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Title: Rhodium-catalysed carbocyclisations and ene-cycloisomerisations : application to the total synthesis of complex natural products
Author: Inglesby, Phillip Anthony
Awarding Body: University of Liverpool
Current Institution: University of Liverpool
Date of Award: 2011
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Abstract:
This thesis is divided into three key chapters. Chapter 1 focuses on the metal-catalysed higher-order carbocyclisation reaction whilst Chapter 2 describes metal-catalysed ene- cycloisomerisation reactions. The final section, Chapter 3, will delineate the key features of the mechanism of each transformation through kinetic and computational analysis. Chapter 1 commences with an introduction to ['m+2+2'] carbocyclisation reactions (Section 1.1). This is segregated into the following sections: metal-catalysed ['2+2+2'] (Section 1.1.1), metal-catalysed ['3+2+2'] (Section 1.1.2) and metal-catalysed ['4+2+2'] (Section 1.1.3) carbocyclisation reactions. Each section is divided into sub-sections, which correspond to their molecularity. Each sub-section begins with the intermolecular variant ([m+2+2]), followed by semi-intermolecular reactions ([(m+2)+2] and [m+(2+2)]), and conclude with the fully intramolecular molecular reaction ([(m+2+2)]). Each sub-section is partitioned depending on the degree of saturation. For example, alkyne trimerisation (Section l. 1.1. 1.1) precedes the reaction of two alkynes with one alkene (Section 1.1.1.1.2), which in turn precedes the reaction of one alkyne with two alkenes (Section 1.1.l.l.3). Section 1.2 describes our development of a regiodivergent [(2+2)+2] carbocyclisation reaction. This highlights the optimal reaction conditions as well as the scope and generality of the reaction. A hypothesis for the observed results is also discussed. The development of a regio- and diastereoselective [(3+2)+2] carbocyclisation will be discussed in Section 1.3. The section commences with an overview of three-carbon synthons in carbocyclisation reactions (Section 1.3.1.1) and highlights a plausible rationale for the potential of alkenylidenecyclopropanes in the context of a rhodium-catalysed [(3+2)+2] carbocyclisation reaction (Section 1.3.1.2). A detailed study into the optimisation and scope of the reaction is described in Section 1.3.2 and 1.3.3, respectively, which includes a plausible mechanism which accounts for the oberserved selectivities.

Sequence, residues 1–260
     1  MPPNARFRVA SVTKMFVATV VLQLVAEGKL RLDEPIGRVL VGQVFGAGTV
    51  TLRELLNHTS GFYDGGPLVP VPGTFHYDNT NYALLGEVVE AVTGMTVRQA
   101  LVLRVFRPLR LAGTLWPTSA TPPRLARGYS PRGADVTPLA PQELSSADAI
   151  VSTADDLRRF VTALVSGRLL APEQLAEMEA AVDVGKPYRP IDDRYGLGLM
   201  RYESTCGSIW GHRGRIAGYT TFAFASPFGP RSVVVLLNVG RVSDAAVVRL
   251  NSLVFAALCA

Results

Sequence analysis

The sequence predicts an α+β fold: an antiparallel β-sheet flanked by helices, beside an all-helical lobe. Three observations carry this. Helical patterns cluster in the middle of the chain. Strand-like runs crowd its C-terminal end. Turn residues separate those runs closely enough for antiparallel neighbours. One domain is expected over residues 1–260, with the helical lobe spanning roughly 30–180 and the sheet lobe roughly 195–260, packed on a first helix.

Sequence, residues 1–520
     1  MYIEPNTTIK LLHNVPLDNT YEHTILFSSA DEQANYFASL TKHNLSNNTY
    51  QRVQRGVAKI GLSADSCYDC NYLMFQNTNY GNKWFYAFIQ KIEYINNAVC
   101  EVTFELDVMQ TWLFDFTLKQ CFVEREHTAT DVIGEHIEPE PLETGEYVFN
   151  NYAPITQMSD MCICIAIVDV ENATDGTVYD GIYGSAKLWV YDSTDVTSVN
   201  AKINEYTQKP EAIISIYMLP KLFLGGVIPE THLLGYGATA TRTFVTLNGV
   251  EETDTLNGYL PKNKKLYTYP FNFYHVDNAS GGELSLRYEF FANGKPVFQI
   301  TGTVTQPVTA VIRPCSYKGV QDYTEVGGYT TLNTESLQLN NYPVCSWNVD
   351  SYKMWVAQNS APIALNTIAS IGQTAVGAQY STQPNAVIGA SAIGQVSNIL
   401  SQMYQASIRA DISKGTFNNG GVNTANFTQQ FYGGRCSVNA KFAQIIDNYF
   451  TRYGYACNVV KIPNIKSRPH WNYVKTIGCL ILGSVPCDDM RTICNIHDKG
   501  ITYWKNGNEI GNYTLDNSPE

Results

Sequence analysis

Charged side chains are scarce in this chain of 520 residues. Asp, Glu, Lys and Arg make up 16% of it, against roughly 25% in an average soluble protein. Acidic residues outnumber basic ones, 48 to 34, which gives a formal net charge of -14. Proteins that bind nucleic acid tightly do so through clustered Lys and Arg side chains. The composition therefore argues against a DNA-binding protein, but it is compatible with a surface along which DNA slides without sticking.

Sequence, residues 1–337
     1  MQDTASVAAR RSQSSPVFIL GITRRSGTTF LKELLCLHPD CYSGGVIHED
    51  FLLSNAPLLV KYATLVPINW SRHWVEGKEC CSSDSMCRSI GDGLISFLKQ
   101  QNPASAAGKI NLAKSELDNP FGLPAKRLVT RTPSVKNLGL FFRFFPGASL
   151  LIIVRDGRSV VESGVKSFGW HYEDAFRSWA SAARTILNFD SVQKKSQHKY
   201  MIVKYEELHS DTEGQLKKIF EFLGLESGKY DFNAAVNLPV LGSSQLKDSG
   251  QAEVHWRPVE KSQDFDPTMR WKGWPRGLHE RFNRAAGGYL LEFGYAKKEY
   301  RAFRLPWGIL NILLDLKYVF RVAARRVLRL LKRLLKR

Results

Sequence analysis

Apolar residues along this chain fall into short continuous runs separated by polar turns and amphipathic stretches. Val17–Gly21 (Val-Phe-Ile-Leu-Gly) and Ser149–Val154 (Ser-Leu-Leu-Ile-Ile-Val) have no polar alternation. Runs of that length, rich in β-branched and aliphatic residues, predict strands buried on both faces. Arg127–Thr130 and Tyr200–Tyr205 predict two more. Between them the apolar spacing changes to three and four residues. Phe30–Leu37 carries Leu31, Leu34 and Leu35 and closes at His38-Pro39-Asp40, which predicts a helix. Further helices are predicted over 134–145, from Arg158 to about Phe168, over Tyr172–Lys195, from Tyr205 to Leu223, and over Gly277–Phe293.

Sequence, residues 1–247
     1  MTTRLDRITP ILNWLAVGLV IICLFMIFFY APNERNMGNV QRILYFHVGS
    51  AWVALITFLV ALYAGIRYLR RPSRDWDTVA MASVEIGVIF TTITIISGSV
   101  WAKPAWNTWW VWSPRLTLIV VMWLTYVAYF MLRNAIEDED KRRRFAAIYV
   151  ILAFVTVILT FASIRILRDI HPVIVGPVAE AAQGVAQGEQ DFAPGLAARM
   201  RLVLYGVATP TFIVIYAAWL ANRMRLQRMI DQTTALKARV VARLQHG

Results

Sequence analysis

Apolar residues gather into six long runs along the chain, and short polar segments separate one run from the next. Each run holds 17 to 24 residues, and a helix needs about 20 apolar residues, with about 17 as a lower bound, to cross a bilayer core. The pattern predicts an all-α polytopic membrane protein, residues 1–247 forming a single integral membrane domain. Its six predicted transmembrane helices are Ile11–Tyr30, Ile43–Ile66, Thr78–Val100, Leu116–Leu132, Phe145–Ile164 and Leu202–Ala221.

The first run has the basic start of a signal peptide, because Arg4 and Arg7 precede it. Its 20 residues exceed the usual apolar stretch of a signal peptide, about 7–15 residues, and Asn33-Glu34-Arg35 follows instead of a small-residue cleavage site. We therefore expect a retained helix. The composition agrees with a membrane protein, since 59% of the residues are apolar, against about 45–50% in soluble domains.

Supervisor: Not available Sponsor: Not available
Qualification Name: Thesis (Ph.D.) Qualification Level: Doctoral
EThOS ID: uk.bl.ethos.569898  DOI: Not available
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